It's one of the oldest ruses in Harford County land use planning, or shall we say mis-planning, that we've written about ad nauseum.
Someone buys some land and then tries to get its zoning changed to allow a different usage. The most recent case involves Legends Vineyard on Asbury Road in Churchville. The owners have a 2,000-vine vineyard, and would like to add another 1,600 vines, on their 6.17-acre property. No problem.
The problem is they want to add a retail building to hold tastings and sell wine. That is not a permitted use on parcels smaller than 10 acres in zoning designation. The owners, according to testimony before the Harford County Council last week, thought when they bought the property in 2005 and launched the vineyard in 2008 that they though would be allowed to have a retail operation. Here's why: The original regulation was a minimum of 20 acres for such an operation, but the owners thought that was going to be reduced to five acres, they said, but it was only reduced to 10 acres.
Testimony before the county council was the owners would not have bought the property and launched the business if they had known the regulation was going to be reduced to 10 acres instead of five.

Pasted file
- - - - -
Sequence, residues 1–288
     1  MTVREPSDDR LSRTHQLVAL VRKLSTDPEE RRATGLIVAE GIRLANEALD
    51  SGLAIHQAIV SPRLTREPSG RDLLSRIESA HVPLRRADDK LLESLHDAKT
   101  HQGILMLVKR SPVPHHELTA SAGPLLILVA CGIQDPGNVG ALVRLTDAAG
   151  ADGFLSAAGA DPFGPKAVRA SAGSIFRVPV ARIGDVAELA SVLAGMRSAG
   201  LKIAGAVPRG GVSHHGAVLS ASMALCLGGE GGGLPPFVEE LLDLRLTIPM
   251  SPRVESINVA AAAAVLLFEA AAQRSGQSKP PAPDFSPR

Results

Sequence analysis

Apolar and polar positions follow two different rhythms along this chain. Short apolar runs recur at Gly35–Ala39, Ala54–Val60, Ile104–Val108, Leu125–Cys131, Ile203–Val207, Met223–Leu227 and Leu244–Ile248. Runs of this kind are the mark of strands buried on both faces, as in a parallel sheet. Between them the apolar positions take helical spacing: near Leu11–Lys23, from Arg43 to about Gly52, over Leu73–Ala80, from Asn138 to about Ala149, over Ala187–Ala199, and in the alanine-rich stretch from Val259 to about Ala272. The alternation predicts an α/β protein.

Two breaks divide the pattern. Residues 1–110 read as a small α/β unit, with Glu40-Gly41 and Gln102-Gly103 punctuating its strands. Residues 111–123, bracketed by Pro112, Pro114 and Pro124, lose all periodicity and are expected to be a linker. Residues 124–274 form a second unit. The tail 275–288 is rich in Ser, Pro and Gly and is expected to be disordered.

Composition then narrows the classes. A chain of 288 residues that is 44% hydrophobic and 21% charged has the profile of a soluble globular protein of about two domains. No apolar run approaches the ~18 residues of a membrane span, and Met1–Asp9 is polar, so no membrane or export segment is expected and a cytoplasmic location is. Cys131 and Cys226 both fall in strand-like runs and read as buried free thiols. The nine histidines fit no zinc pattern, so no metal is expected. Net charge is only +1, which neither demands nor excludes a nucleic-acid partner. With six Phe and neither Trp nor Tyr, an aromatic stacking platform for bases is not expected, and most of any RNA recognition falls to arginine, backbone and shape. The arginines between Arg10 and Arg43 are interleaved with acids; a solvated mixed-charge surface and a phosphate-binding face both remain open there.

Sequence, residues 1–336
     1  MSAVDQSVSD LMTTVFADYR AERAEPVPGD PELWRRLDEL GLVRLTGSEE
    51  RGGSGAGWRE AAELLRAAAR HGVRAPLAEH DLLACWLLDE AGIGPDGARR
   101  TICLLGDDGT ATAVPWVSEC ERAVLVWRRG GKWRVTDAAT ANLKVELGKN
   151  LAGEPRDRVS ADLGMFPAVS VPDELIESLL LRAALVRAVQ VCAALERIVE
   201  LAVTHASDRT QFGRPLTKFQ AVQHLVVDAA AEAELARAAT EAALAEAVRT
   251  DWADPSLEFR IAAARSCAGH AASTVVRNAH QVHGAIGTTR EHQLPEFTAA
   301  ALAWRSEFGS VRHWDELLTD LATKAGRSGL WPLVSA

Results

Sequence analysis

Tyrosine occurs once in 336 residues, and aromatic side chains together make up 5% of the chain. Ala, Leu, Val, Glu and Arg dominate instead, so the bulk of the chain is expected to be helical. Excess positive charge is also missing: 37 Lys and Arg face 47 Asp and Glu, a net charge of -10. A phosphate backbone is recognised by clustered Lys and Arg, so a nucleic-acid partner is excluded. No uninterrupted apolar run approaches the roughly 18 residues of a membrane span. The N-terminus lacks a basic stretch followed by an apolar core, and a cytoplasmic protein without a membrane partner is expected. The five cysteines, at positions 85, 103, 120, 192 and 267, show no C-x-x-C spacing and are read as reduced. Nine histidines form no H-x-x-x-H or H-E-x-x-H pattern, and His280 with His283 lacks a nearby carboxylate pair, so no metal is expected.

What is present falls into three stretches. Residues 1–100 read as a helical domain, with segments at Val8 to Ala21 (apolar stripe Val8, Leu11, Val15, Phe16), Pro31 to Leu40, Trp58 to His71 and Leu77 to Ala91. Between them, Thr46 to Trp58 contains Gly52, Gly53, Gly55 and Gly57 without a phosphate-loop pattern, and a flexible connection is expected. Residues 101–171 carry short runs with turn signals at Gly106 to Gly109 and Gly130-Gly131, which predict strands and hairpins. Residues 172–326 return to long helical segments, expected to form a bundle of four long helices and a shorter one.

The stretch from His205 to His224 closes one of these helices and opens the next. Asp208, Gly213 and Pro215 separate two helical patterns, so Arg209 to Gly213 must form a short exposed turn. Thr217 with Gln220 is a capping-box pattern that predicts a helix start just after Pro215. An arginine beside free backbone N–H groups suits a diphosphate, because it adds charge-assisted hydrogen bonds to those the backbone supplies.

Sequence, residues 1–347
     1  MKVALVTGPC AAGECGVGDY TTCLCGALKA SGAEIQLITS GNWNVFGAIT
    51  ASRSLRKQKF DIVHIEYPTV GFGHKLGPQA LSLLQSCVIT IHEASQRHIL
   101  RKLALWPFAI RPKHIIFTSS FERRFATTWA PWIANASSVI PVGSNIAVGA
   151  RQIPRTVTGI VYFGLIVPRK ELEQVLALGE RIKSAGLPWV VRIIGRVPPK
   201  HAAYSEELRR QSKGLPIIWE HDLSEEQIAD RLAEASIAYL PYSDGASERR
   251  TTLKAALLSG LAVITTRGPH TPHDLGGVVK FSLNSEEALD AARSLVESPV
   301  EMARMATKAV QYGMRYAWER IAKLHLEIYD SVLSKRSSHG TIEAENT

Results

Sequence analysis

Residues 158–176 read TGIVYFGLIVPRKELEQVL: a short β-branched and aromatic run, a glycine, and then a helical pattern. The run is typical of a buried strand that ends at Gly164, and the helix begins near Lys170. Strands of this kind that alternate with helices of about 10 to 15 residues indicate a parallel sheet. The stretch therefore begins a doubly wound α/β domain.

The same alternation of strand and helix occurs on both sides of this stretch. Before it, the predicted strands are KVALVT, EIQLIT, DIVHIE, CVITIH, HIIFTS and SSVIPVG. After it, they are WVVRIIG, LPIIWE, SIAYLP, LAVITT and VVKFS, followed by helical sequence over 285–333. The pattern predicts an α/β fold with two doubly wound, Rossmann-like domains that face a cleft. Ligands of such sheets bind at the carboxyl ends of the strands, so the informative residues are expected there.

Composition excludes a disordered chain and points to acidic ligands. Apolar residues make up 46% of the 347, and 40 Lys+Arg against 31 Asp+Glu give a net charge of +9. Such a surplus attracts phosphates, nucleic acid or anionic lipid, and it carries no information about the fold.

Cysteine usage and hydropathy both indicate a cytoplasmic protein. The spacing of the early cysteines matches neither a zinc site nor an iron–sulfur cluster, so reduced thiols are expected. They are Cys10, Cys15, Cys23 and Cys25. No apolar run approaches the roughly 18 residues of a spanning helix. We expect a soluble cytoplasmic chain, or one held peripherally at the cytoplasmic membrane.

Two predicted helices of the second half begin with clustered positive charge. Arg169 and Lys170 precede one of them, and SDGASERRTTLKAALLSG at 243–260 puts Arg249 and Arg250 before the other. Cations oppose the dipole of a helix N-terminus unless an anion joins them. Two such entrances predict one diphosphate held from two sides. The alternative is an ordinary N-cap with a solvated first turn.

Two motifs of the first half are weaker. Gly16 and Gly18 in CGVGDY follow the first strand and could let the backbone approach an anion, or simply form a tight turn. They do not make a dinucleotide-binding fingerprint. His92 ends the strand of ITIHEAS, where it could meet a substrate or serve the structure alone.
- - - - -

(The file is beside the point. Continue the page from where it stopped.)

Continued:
The zoning hearing examiner has already denied the request and the owners have appealed to the county council in hopes of getting what the zoning and the zoning hearing examiner have said they can't have. This happens all the time. Someone buys some land that has some restrictions, which limits its value and is sold at a discount. Then they try to change the zoning or get some other special dispensation that not only allows them to do what had been prohibited on the land when they bought it, but also to do so at a reduced cost because they bought the land more cheaply than it would have been sold with a different zoning.
Every time these kinds of requests come up, the county should just say no. Perhaps, as has been suggested, the vineyard owners can form sort of partnership with a nearby retail produce operation to accomplish what they want. The other option is to buy another four acres adjacent to the six they have.